My lab explores new strategies for the treatment of Parkinson's disease (PD) and related synucleinopathies such as Dementia with Lewy bodies (DLB), Multi-System Atrophy (MSA) and, to some extent, also Alzheimer's disease (AD). These diseases are characterized by the intracellular aggregation of the protein α-synuclein (αS), an abundant nerve cell component in the brain with a poorly defined function in synaptic vesicle maintenance. With no disease-modifying drugs available, there is a great need for robust models that recapitulate how early changes in the normal maintenance of α-synuclein can lead to these aggregates. We have published evidence that αS normally exists in a delicate equilibrium of membrane-associated vs. soluble and monomeric vs. multimeric species. Disturbance of this fine balance by genetic or environmental factors, we hypothesize, is an early key event in synucleinopathy pathogenesis. Protein engineering, where we introduce strategic point mutations into the normal αS sequence, has enabled us to model such disturbances and convert αS into an acutely toxic protein.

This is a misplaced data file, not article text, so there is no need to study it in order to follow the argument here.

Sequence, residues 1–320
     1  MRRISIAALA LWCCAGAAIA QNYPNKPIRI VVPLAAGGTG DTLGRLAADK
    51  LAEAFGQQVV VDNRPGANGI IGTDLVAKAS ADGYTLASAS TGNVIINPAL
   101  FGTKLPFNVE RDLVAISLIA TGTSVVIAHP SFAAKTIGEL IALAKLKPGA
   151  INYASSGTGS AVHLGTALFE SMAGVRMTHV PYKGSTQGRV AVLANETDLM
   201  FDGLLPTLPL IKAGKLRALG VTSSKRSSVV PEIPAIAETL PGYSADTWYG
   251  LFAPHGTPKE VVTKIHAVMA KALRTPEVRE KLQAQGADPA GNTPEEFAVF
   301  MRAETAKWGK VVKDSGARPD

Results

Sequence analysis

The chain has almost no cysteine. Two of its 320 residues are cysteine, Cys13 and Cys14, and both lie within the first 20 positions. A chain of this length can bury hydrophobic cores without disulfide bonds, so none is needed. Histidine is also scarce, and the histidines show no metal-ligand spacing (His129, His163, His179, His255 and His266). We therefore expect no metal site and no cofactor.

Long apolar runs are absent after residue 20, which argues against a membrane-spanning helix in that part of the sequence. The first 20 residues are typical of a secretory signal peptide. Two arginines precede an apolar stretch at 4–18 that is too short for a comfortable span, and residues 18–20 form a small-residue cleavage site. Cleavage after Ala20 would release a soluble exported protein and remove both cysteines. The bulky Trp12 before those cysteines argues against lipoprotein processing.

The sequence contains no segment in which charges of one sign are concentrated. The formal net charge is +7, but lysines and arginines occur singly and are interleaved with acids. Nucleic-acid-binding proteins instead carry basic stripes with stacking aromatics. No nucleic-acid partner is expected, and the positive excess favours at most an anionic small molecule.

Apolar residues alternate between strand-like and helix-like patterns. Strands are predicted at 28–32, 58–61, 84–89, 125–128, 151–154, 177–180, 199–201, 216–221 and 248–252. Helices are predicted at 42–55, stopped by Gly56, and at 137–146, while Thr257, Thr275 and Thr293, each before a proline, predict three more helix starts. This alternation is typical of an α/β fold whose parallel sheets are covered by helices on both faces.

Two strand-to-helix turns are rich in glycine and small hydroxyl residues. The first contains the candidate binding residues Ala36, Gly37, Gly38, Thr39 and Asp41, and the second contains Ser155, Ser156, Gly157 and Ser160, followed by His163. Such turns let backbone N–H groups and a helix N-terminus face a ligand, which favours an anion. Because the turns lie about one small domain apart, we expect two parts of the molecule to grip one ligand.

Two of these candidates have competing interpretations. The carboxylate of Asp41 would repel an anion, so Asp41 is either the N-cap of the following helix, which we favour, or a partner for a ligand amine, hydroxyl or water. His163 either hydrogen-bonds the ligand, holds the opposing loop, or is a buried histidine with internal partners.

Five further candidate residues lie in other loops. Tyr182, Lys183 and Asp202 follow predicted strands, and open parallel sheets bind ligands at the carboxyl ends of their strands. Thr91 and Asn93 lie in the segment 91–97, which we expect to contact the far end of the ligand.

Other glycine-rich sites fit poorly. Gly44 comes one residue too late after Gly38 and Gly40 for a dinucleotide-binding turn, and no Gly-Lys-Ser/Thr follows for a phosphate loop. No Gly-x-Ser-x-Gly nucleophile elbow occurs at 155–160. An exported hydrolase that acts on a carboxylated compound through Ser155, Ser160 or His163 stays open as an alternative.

Combining cell biology, biochemistry, protein engineering, microscopy, high-content imaging and screening approaches, we want to continue in the lab to:
- better understand normal αS cell biology,
- define abnormal αS states,
- transform abnormal αS states into screenable phenotypes,
- use the correction of abnormal states as a readout for drug discovery in medium- and high-throughput screens.
Factors that we identify as promising to correct aberrant αS homeostasis will be tested in a novel DLB/PD mouse model that we designed and that is being characterized in depth in a collaboration.
Building for Transformative Medicine, room 10002-M
60 Fenwood Road
Boston, MA 02115